In a bold and courageous move, the British Medical Association (BMA) passed a motion to pressure enactment of a law prohibiting sales of cigarettes to anyone born in this century. This new ban on cigarettes has caused quite a reaction in the community.
Its vision: to promote the first “smoke-free generation”.
Some opponents of the measure—which was overwhelmingly approved—contest that banning sales of cigarettes will cause hardship to adult smokers, many of whom are working-class. Increasing taxes on cigarettes is a better alternative, one said—yet it has been shown that the cost of cigarettes doesn’t always correlate to deterrence and actually impacts those least able to afford it.
It seems they missed the point that anyone who was born in 1999 or earlier is exempt from the ban. Those already addicted still have a choice.
Another argument raised is the issue of a black market for cigarettes. That doesn’t hold a lot of water, either: cigarettes won’t be illegal, they just can’t be sold to anyone born after the year 2000. It’s already illegal to sell to minors, yet teens are still able to somehow procure them.
People who start to smoke before the age of 17 are much more likely to continue the habit and smoke more than people who begin smoking later in life. The new legislation the doctors want to see will make the laws governing sales much tighter and permanent.
Most people who smoke begin in their teenage years and become addicted. If no teens smoke, they will probably never want to as they get older. Physician and public health scientist Tim Crocker-Buqué put the reasoning for the motion thus:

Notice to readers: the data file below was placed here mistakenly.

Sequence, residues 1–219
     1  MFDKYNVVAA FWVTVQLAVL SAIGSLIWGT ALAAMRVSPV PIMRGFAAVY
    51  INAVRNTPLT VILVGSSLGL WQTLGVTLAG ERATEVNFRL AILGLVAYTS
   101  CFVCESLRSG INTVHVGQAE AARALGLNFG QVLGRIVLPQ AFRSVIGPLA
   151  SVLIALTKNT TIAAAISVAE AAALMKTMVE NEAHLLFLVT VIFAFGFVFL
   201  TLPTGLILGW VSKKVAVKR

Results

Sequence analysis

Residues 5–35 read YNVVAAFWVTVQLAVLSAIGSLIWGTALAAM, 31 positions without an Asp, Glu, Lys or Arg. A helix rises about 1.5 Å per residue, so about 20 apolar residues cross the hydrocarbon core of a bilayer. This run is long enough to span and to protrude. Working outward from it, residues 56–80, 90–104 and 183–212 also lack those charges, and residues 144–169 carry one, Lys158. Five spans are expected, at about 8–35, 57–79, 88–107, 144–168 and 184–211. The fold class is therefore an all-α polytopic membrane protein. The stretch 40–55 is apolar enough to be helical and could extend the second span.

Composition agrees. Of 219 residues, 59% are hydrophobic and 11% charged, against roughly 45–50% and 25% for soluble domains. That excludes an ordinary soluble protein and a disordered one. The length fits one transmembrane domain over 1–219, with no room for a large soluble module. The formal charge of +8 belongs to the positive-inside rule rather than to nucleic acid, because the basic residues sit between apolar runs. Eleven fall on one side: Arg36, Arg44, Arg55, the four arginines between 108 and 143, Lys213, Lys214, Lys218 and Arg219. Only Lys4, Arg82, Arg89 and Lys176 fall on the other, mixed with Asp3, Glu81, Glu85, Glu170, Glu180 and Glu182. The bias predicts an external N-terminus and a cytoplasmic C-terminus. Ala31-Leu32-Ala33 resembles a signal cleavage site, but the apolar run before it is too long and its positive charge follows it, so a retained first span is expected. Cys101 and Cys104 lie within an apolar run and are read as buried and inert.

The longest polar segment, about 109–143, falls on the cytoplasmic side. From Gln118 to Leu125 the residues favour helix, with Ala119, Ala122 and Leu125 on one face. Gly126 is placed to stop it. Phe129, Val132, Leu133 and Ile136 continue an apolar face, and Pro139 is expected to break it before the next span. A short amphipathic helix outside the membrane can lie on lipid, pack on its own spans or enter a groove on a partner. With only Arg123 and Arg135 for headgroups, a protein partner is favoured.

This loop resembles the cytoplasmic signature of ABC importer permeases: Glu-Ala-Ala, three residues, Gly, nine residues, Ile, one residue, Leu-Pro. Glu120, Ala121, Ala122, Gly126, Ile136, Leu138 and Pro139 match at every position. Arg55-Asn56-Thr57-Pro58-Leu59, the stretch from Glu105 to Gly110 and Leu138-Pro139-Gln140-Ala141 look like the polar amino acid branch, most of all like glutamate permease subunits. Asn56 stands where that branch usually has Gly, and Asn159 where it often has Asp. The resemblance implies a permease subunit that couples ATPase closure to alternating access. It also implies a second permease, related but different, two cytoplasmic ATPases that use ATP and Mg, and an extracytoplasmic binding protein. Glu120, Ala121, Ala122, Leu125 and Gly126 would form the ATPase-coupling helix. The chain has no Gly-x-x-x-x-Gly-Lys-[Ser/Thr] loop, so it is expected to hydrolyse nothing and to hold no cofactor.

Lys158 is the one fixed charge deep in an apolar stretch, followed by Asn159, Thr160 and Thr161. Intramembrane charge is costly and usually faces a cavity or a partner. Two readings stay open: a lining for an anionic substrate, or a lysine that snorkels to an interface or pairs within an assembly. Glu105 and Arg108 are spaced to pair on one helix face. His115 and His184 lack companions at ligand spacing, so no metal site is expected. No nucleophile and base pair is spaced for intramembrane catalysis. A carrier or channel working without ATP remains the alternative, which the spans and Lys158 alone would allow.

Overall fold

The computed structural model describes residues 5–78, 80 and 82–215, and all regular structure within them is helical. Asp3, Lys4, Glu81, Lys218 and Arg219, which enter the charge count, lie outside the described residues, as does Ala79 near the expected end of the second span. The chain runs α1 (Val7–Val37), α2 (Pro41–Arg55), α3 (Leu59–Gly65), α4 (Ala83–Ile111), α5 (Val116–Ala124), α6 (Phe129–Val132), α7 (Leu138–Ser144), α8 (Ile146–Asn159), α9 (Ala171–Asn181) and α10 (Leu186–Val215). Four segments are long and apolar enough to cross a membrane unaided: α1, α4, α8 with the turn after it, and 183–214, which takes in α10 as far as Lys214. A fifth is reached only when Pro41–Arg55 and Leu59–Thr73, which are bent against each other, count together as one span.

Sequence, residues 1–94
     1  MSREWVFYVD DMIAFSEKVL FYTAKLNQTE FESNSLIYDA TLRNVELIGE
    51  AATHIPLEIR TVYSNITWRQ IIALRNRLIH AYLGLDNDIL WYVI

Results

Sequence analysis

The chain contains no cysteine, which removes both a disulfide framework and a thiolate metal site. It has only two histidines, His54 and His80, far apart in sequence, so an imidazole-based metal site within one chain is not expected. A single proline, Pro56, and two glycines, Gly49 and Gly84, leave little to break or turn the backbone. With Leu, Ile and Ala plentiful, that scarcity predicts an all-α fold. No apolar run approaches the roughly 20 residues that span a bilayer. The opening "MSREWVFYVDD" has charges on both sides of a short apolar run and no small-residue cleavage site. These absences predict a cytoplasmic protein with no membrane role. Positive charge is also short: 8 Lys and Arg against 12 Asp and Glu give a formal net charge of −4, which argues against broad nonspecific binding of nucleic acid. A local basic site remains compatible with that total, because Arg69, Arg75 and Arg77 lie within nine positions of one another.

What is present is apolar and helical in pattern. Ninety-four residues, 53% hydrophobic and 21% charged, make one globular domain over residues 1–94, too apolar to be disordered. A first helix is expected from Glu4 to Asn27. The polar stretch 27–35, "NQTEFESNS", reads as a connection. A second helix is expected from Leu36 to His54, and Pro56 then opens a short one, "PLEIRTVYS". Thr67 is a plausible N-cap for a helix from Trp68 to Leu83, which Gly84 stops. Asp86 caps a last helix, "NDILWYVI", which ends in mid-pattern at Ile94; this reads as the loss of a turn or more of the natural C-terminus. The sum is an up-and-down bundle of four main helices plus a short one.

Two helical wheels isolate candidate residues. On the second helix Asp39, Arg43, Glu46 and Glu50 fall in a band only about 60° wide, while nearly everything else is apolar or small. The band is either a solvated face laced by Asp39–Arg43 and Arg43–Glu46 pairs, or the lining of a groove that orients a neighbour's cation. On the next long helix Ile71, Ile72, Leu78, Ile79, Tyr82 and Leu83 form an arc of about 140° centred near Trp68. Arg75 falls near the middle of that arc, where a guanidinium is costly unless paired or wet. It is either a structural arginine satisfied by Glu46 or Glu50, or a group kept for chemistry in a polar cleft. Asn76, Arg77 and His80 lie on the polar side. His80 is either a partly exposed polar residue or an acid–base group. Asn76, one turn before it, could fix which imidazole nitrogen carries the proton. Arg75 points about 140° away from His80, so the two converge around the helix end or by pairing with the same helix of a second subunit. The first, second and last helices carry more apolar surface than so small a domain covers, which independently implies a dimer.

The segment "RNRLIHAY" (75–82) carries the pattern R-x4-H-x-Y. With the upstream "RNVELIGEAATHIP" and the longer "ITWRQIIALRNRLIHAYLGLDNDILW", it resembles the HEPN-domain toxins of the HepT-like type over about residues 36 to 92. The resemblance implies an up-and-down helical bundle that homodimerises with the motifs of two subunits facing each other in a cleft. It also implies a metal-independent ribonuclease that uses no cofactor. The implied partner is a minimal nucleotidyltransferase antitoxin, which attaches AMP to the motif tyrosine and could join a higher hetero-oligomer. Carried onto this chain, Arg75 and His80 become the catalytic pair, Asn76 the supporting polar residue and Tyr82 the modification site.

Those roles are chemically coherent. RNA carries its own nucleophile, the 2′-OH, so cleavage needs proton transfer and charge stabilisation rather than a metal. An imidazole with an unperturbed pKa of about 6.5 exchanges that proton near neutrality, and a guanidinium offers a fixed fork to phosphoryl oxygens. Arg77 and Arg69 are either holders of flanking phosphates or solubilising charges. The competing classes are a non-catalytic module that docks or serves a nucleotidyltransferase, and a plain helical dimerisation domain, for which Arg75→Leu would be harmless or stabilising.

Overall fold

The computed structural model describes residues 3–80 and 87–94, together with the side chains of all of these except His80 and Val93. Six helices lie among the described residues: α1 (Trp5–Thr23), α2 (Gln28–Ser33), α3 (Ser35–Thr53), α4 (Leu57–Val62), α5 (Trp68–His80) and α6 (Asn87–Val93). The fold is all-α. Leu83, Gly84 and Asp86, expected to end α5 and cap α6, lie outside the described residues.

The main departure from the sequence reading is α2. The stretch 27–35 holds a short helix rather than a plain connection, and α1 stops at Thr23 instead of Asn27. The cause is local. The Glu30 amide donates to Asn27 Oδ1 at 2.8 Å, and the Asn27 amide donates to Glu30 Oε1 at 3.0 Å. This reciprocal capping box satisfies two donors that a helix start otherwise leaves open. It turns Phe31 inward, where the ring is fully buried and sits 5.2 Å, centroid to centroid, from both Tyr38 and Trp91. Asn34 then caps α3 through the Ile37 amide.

“Eighty percent of smokers start as teenagers as a result of intense peer pressure. Smokers who start smoking at age 15 are three times as likely to die of smoking-related cancer as someone who starts in their mid-20s. The level of harm caused by smoking is unconscionable…[the object of the motion is not to] instantly prevent all people from smoking. [Rather, it is to] de-normalize cigarette smoking.” 
The United Kingdom has already banned smoking in public and in cars when children are present as the result of similar pressures by the BMA. If the most recent proposal is passed potentially eliminating any new smokers, and with consistent mortality rates of existing smokers, the BMA projects that the UK can be smoke-free by 2035.
Any number of studies can be cited to reflect the dangers and terrible consequences of cigarette smoking—no one can deny that. Eliminating it from a healthy society is important from every conceivable perspective; there is no good that comes of it. Brought to a purely economic level, $96 billion in healthcare were spent in the first four years of this century as the result of tobacco-related illness. Most people who regularly smoke wish they could stop—but the physical and emotional addictions are very real and extremely difficult to surmount.
The solution to any problem lies in getting to the root of it. If one doesn’t ever start to smoke cigarettes, s/he won’t ever have to stop and the life lived will be a healthier one.